Updated with NEW Letters
The Union of Concerned Scientists (Winter 2020) reports that Subaru is in a group of automakers trying to fight California’s right to keep a higher emission/efficiency standard while the Trump administration is rolling back the national standards.
OCA member Janis Burger is a Subaru owner and she’s written a letter to Ms. Anton, Manager of Corporate Communications in the U.S. (firstname.lastname@example.org). Janis would like to share that letter with other members and Subaru owners alike.
Why California gets to write its own auto emissions standards:
5 questions answered — The Conversation
Why Trump Wants to Revoke California’s Clean-Air Waiver — The Atlantic
Search: California’s clean-air waiver
Dear Ms. Anton,
I’m hoping you can pass these concerns on to the relevant corporate decision makers.
I’ve been a Subaru owner for most of my adult life, as are many of my friends here in outdoorsy Washington state. We are also surrounded by mountains with declining snowpack and retreating glaciers. We are seeing worrisome declines in downstream water supplies, increasing forest fires and days with health-compromising smoke, and more. And ocean acidification is exacerbated on our coast and impacting tidepool species, even in Olympic National Park and Olympic Coast National Marine Sanctuary. They can be protected somewhat by their park and sanctuary status, but not from inaction by us humans regarding climate change.
It’s a crime that the newest Subaru’s and even the hybrid Cross-trek barely get better mileage than my old 1992 Legacy got. The Obama administration’s efforts to increase vehicle efficiency and emissions standards were a strong move to cutting global emissions. Now the current administration is ignoring science and trying to roll those back and is even challenging California’s right to keep the higher standards. So it’s shocking that Subaru is part of the disingenuously named Coalition for Sustainable Automotive Regulation that is fighting California’s right in the absence of stronger federal standards. As the Union for Concerned Scientists has reported, Subaru at least has removed the hypocritical posting on its website about AWD vehicles keeping us safe in a changing environment, all the while fighting efficiency standards that would help fight that change.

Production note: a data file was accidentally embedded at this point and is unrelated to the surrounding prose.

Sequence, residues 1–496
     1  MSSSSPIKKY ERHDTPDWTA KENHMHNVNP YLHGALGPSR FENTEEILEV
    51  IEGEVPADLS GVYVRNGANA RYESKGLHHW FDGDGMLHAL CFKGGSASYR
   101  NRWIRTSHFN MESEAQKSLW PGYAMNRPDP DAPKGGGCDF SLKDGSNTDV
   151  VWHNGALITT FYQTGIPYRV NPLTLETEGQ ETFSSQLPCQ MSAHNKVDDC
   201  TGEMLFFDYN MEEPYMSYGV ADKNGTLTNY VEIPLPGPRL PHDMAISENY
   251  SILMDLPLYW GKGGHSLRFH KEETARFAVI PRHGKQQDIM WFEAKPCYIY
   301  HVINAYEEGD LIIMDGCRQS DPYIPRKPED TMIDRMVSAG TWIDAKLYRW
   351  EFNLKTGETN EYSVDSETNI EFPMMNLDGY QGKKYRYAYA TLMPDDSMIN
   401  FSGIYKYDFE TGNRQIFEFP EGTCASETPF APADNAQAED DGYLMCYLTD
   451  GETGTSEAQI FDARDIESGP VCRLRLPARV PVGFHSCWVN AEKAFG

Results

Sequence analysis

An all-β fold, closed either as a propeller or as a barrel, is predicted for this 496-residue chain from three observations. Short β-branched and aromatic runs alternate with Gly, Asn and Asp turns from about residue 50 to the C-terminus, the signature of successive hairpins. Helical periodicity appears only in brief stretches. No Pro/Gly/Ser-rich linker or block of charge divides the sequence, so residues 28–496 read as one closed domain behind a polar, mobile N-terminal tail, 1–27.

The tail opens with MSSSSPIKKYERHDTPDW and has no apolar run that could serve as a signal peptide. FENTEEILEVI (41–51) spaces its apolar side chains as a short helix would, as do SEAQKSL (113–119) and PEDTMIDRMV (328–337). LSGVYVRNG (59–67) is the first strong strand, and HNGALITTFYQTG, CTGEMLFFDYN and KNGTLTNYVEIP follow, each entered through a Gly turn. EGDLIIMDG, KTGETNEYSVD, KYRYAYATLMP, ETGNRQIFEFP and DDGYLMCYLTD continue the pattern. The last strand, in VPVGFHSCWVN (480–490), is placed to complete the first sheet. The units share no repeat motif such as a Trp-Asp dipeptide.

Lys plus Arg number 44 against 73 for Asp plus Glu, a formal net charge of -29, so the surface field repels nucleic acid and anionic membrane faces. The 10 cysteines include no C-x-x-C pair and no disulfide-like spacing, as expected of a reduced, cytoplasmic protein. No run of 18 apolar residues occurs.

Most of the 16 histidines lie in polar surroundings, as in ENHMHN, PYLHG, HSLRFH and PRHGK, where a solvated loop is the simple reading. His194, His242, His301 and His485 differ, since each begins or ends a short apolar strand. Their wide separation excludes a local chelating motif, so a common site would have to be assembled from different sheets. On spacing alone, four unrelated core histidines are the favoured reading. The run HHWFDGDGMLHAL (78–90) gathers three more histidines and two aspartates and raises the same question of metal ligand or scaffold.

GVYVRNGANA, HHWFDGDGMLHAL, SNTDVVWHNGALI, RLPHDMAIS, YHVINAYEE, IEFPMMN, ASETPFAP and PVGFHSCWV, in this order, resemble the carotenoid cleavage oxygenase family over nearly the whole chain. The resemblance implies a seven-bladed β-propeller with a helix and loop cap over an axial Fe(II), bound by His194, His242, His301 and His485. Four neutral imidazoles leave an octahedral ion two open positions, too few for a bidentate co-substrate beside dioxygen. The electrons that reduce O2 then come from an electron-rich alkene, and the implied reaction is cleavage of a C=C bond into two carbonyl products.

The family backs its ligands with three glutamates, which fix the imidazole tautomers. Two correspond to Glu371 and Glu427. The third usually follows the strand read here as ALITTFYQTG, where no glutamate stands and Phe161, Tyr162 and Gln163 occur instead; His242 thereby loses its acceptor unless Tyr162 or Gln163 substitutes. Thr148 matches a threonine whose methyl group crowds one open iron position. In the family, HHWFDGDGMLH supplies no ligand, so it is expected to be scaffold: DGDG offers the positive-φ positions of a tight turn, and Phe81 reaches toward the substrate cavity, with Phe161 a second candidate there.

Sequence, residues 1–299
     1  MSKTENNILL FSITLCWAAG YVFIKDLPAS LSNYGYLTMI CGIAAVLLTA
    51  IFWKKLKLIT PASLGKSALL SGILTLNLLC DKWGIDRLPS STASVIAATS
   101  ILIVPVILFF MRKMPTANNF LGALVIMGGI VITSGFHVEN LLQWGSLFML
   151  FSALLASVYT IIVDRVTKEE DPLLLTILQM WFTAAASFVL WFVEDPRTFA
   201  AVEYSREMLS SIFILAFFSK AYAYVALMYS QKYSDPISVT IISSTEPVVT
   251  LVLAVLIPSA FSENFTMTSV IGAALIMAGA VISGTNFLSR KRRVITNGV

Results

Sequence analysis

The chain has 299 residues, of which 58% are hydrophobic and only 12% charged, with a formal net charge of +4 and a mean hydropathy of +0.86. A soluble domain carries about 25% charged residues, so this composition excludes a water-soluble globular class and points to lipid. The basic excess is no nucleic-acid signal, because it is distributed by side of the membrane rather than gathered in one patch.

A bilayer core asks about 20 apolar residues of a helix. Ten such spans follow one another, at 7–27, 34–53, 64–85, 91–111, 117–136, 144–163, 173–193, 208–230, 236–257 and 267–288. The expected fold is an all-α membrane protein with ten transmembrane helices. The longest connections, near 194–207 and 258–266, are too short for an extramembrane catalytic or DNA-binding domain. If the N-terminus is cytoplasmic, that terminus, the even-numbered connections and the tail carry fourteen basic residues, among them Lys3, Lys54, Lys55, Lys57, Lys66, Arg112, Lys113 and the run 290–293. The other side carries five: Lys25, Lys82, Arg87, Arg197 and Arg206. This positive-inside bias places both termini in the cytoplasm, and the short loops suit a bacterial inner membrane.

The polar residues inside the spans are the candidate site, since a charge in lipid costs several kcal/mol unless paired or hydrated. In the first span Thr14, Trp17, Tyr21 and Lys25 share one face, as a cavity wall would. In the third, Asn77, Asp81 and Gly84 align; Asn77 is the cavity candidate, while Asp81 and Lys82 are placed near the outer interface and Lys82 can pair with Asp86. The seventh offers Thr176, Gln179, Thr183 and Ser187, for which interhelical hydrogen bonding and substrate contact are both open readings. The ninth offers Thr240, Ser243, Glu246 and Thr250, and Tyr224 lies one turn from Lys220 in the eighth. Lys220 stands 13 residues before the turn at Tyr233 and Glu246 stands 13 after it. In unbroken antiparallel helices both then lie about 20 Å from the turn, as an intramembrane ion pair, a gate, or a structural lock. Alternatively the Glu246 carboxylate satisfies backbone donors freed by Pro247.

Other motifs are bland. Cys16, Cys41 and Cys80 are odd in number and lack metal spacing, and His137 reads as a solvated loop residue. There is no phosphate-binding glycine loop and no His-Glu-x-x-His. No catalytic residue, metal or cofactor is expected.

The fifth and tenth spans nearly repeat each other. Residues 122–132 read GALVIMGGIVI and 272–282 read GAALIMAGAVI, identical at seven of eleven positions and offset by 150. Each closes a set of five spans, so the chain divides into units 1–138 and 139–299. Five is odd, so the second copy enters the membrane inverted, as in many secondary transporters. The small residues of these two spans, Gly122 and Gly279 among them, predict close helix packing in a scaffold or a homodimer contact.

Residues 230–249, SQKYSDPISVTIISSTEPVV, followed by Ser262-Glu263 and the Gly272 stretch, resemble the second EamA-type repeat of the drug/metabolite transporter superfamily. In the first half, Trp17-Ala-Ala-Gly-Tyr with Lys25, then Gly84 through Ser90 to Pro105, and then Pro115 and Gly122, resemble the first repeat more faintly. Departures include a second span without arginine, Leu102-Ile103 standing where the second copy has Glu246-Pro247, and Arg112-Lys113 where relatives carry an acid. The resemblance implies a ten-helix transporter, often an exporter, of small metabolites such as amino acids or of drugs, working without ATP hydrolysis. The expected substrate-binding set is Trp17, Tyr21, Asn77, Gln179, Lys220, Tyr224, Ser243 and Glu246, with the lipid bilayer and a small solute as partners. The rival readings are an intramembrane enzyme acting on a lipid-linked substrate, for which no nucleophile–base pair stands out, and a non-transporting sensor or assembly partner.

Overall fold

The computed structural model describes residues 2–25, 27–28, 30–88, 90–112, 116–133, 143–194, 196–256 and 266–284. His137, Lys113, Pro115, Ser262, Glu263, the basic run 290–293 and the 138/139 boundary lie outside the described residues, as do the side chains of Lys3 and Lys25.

I will be taking a look at Honda’s line of SUVs and hybrids now since they, BMW, Ford and VW are siding with California.
I hope Subaru’s management will be a better corporate citizen of this planet, join the automakers above to embrace the original Obama guidelines (or even strive to exceed the more ambitious standards since we’re seeing the climate warming faster than even experts predicted).
I’ll be sharing this email with all my Subaru owning friends and members of our local climate action group so we can get the word out.
If you have any updates, I’d love to hear from you.
Dear Ms. Danton,
I recently read Janis Burger’s letter to you regarding Subaru’s regrettable roll in its attempt to undermine California’s Waiver from federal air quality standards.
First of all, you should know that Janis’s voice is that of a regional one. Her community connections and social influences are extensive, have been carefully cultivated and nurtured over the course of her VERY public professional career as one of the best interpreters in the National Park Service. When Janis speaks people listen to the power of her rock solid analysis. As her colleague I have watched her skills deployed upon such varied recipients as James Watt, Ronald Regan’s Interior Secretary, and countless visitors over her career at Olympic National Park who become spellbound by her interpretive presentations. In short, she commands the instant respect reserved for those special few able to teach/share their personal values by extraordinarily skilled example.